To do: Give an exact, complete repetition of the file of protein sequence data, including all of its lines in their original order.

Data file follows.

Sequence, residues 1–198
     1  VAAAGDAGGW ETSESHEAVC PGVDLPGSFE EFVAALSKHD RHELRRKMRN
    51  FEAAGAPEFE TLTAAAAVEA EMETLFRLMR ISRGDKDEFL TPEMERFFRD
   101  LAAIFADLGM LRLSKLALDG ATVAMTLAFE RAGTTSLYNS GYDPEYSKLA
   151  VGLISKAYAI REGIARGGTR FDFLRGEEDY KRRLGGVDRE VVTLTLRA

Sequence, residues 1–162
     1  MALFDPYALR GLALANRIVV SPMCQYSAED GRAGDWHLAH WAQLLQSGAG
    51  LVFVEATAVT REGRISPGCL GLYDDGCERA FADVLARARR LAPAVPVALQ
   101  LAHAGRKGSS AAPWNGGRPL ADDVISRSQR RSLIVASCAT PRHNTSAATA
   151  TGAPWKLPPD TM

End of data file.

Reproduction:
Sequence, residues 1–198
     1  VAAAGDAGGW ETSESHEAVC PGVDLPGSFE EFVAALSKHD RHELRRKMRN
    51  FEAAGAPEFE TLTAAAAVEA EMETLFRLMR ISRGDKDEFL TPEMERFFRD
   101  LAAIFADLGM LRLSKLALDG ATVAMTLAFE RAGTTSLYNS GYDPEYSKLA
   151  VGLISKAYAI REGIARGGTR FDFLRGEEDY KRRLGGVDRE VVTLTLRA

Sequence, residues 1–162
     1  MALFDPYALR GLALANRIVV SPMCQYSAED GRAGDWHLAH WAQLLQSGAG
    51  LVFVEATAVT REGRISPGCL GLYDDGCERA FADVLARARR LAPAVPVALQ
   101  LAHAGRKGSS AAPWNGGRPL ADDVISRSQR RSLIVASCAT PRHNTSAATA
   151  TGAPWKLPPD TM